Bluebird Bio has new clinical data this morning that, while early and only from a handful of patients, are the most significant evidence to date that gene therapy might help people with sickle cell disease, a genetic disorder without an effective treatment that afflicts millions around the world.
The data, presented at the European Hematology Association meeting, come from a Phase 1 study called HGB-206, which evaluates the Bluebird (NASDAQ: BLUE) experimental therapy LentiGlobin. The broad takeaway: Bluebird’s recent manufacturing and other changes to the gene therapy, an effort to boost its effectiveness, seem to be working so far. Before Bluebird’s technical changes, LentiGlobin was not good enough to carry forward in sickle cell.
“Looking at the data, it’s quite evident the dramatic impact that [the changes] have had on clinical outcomes,” says chief medical officer David Davidson.
As with all early studies, especially those for gene therapy, the small sample size is a major caveat. Bluebird is reporting on four sickle cell patients who received the improved version of LentiGlobin. Three months after treatment, the four patients are producing a median of 39 percent of “anti-sickling,” healthy hemoglobin—the protein in red blood cells that carries oxygen—in their blood.
The hallmark of sickle cell disease is abnormal, crescent shaped red blood cells that can get stuck in the bloodstream and cause a host of problems—anemia, bouts of pain, organ damage and more. Bluebird has been aiming for a threshold of 30 percent anti-sickling in its study participants, says Davidson. Based on scientific literature, patients at that level should have a “substantially diminished rate” of the complications associated with the disease, he says.
One of those four patients was treated six months ago and has had the best response. More than 60 percent of the patient’s hemoglobin is anti-sickling. The patient’s hemoglobin levels came in at 14.2 g/dL of blood. The Mayo Clinic considers 13.5 to 17.5 g/dL normal for men, 12.0 to 15.5 g/dL for women.
Two other patients were recently treated; Bluebird doesn’t have any follow-up data on them as of yet.
The first sickle cell patient ever treated with the earlier version of LentiGlobin, in 2014, had such remarkable results that they were published as a case study in the New England Journal of Medicine in March 2017. But that patient proved to be an outlier; Bluebird has had much more modest data in sickle cell since. Long-term results from the next seven patients treated with the original version of LentiGlobin, also released this morning, show they have produced very little anti-sickling hemoglobin (5 percent) after a median of 24.2 months. The treatment wasn’t having enough impact. “That’s why we had to improve the product,” says CEO Nick Leschly.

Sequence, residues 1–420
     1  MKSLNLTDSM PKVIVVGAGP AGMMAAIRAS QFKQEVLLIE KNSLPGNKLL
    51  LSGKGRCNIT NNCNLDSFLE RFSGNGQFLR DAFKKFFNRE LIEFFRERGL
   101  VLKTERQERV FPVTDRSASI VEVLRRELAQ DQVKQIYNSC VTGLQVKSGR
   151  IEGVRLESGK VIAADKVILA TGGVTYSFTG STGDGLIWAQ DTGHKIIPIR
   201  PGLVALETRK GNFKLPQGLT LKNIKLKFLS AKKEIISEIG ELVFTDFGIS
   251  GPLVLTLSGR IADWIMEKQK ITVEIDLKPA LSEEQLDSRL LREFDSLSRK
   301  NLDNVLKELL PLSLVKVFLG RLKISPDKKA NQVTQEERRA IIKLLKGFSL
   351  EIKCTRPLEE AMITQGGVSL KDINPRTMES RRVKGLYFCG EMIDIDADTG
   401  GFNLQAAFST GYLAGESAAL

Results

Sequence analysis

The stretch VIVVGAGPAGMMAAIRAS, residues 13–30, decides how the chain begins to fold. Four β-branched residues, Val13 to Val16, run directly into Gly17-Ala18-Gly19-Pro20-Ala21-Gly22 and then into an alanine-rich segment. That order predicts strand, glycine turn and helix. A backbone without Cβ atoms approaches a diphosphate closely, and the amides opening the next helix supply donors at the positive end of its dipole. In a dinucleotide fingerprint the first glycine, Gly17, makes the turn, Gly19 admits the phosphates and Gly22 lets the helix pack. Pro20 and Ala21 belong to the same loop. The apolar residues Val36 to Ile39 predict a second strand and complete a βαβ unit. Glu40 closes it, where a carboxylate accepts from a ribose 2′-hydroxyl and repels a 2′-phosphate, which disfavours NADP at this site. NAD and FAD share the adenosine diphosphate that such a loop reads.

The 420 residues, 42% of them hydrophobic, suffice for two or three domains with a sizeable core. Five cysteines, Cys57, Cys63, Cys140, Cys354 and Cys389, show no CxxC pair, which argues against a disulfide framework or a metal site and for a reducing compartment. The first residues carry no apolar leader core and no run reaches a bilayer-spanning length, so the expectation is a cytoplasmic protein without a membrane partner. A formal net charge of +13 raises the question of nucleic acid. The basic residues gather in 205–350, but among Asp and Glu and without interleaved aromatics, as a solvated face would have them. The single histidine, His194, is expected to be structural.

Bluebird hasn’t disclosed specifics about safety yet, but only said in a statement LentiGlobin’s profile is “generally consistent with” bone marrow transplants.
Even after four years and two versions of LentiGlobin, Bluebird remains the only sickle cell developer to reach clinical studies and produce data with a gene modification. Sangamo Therapeutics (NASDAQ: SGMO) and partner Bioverativ (NASDAQ: BIVV) were cleared last month to enroll patients in a first study of their gene editing treatment. The FDA recently held up the first human test of a gene editing therapy from CRISPR Therapeutics (NASDAQ: CRSP) and Vertex Pharmaceuticals (NASDAQ: VRTX). (Xconomy’s Alex Lash has more today on the various treatments on the horizon and the questions they’ll face as they advance through clinical testing.)
Time will tell how long LentiGlobin can boost levels of anti-sickling hemoglobin long-term, and whether that translates into relief from the disease’s many crippling symptoms without unintended problems. But the FDA has signaled it doesn’t need to wait too long. In a speech last month, FDA commissioner Scott Gottlieb spoke of remaining “uncertainty” even after some gene therapies are approved. The question of how long they last, for instance, “can’t be fully answered in any reasonably sized pre-market trial,” Gottlieb said.
There are only two drugs approved to treat the symptoms of sickle cell. And the only available cure is a bone marrow transplant, a risky procedure that many patients can’t qualify for. Bluebird’s gene therapy is essentially meant to be a more accessible alternative to a transplant.
If current results hold up, it remains to be seen if Bluebird will have to run a new study to show LentiGlobin improves patients’ lives by lessening anemia, pain crises, or other complications; or if the surrogate marker of a boost in healthy hemoglobin would be enough for approval.
With the related genetic blood disease, beta-thalassemia—also a target of LentiGlobin—there is a direct connection between boosting hemoglobin levels, freeing people from the need for blood transfusions, and seeing a positive impact on their health. (Bluebird is also presenting updated LentiGlobin results in beta-thalassemia at EHA this morning.) The problem is, sickle cell disease is complicated, with many ways to hobble a patient.
Leschly says discussions with the FDA about its goals for sickle cell trials are underway, and there are “a range of possibilities.” Bluebird hopes to have an update later this year, he says. “Certainly the magnitude and consistency of the data perhaps open the door to more aggressive [FDA filing] approaches, but that depends how this data evolves.”